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Cloud data security risks exacerbated by 'shadow IT' use, says cloud security business

Out-Law News | 10 Apr 2014 | 9:20 am | 1 min. read

Risks businesses face when utilising cloud computing are exacerbated because of 'shadow IT' use, a cloud security business has warned.

Skyhigh Networks conducted a survey of more than 40 businesses across a range of sectors to gauge cloud adoption and risk. It found that, on average, businesses use 588 cloud services each but that 91% of those services "pose medium to high security risks to organisations".

The survey found that 72% of European businesses using cloud services store data in the US and that just 9% of the services provided to the respondents offered "enterprise-grade security capabilities". Just 12% of cloud service providers used by the respondent businesses encrypt data they store and fewer than a quarter (21%) require multi-factor authentication to access the data.

Skyhigh Networks said that businesses may only have oversight of 10% of cloud use within their organisations due to the prevalence of 'shadow IT' usage. It said businesses need to take closer guard of cloud usage to avoid exposing themselves to data privacy and security risks.

The term 'shadow IT' generally refers to the use of applications by employees where those applications have not been approved for use by the IT department or which have not otherwise been obtained in accordance with IT policies.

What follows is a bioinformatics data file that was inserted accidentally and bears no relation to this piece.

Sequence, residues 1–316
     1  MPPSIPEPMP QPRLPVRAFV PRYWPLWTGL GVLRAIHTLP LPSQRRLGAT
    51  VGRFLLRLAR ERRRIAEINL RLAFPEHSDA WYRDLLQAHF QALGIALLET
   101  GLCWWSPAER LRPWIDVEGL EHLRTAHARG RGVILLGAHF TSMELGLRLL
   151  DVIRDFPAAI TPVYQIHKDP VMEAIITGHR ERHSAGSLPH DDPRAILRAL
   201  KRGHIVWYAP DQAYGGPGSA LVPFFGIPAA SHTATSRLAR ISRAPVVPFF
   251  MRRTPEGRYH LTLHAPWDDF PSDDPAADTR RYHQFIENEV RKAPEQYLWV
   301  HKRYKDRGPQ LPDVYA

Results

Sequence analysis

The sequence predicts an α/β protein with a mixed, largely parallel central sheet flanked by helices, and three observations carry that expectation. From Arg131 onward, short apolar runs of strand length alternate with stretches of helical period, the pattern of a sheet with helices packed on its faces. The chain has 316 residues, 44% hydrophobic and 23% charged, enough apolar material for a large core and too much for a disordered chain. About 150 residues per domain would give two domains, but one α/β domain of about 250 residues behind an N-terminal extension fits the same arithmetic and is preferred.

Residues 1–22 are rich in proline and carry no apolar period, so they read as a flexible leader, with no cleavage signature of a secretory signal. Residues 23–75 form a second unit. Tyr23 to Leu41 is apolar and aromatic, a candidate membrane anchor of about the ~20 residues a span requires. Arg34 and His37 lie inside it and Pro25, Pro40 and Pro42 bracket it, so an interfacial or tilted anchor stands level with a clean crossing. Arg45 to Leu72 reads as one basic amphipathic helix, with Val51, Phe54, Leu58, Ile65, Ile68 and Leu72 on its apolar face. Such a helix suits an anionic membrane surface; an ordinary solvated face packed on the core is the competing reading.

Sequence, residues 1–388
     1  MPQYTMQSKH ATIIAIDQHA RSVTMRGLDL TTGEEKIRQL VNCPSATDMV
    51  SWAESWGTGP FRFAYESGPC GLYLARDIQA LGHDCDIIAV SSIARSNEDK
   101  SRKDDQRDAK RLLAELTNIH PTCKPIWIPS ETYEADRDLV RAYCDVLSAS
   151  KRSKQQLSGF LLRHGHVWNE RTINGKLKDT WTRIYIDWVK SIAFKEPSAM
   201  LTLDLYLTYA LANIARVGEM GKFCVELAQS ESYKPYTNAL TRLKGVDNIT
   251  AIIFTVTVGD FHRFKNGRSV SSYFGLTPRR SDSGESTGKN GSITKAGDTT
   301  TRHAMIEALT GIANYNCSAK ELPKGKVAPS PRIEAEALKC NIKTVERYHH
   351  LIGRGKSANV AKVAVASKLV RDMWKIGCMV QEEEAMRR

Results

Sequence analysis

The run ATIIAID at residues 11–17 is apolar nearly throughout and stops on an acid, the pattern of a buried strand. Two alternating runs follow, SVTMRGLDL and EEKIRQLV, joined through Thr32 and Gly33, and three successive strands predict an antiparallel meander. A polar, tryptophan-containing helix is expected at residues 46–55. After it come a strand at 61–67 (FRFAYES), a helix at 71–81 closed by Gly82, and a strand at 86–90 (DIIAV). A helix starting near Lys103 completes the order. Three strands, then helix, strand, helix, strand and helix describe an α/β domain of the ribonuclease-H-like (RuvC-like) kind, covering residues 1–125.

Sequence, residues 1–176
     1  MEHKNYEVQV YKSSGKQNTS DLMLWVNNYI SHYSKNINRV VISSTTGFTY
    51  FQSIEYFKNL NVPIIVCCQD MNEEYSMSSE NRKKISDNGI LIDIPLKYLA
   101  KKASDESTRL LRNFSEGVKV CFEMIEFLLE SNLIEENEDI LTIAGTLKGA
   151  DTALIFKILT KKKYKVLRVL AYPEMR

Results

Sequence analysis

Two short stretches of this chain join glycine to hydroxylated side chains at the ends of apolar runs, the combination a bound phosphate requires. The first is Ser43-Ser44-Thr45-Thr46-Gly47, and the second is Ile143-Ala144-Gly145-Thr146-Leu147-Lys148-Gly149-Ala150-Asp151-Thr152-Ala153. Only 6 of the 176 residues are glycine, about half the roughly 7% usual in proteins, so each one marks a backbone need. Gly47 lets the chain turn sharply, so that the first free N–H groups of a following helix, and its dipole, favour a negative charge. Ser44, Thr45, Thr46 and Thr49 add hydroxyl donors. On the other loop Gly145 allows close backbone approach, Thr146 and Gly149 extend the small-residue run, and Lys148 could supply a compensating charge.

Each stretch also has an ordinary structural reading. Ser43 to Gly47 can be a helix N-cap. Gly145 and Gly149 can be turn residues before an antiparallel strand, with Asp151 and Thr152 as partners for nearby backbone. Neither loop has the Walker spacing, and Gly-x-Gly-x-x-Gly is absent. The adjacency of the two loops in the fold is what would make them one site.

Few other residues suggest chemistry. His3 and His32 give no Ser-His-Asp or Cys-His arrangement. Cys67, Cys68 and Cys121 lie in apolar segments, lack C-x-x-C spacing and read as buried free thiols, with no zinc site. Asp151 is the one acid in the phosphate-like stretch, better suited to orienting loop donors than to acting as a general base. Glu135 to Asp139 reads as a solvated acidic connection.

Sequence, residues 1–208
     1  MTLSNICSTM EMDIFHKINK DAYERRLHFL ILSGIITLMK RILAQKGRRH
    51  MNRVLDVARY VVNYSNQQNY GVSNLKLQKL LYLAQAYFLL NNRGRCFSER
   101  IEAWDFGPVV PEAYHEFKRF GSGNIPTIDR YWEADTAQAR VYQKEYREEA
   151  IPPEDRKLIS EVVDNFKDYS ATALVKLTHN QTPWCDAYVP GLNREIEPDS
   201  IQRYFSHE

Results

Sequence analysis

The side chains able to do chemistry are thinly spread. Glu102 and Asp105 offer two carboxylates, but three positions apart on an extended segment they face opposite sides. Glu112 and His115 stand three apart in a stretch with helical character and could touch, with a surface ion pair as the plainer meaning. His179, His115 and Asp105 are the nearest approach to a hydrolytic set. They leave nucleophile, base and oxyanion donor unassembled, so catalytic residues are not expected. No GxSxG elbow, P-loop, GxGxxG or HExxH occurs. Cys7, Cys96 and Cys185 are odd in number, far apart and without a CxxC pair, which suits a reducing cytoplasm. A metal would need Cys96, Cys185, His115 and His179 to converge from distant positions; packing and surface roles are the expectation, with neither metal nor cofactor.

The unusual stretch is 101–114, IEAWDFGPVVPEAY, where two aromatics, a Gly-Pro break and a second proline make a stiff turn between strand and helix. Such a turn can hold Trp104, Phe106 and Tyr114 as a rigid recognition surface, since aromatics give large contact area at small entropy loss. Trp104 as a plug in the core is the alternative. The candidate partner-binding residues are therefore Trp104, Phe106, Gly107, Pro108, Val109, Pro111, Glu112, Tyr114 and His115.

"Cloud services certainly enable agile, flexible, and efficient businesses, and employees should be encouraged to use services that best suit their working style and enhance their productivity,” Rajiv Gupta, Skyhigh Networks chief executive, said. "However, it is evident from this study that too many employees are still unaware of the risks associated with some cloud services, and could even be jeopardising the overall security position of their organisation."

"Of the services that we analysed, 72% stored data in the US – which could have legal and compliance implications for certain organisations in Europe. The bottom line is that businesses need to get smarter about cloud, and IT needs to develop greater understanding of the cloud services in use and the risk they present, and play a leadership role in educating users and guiding the organisation to securely embrace the cloud," Gupta added.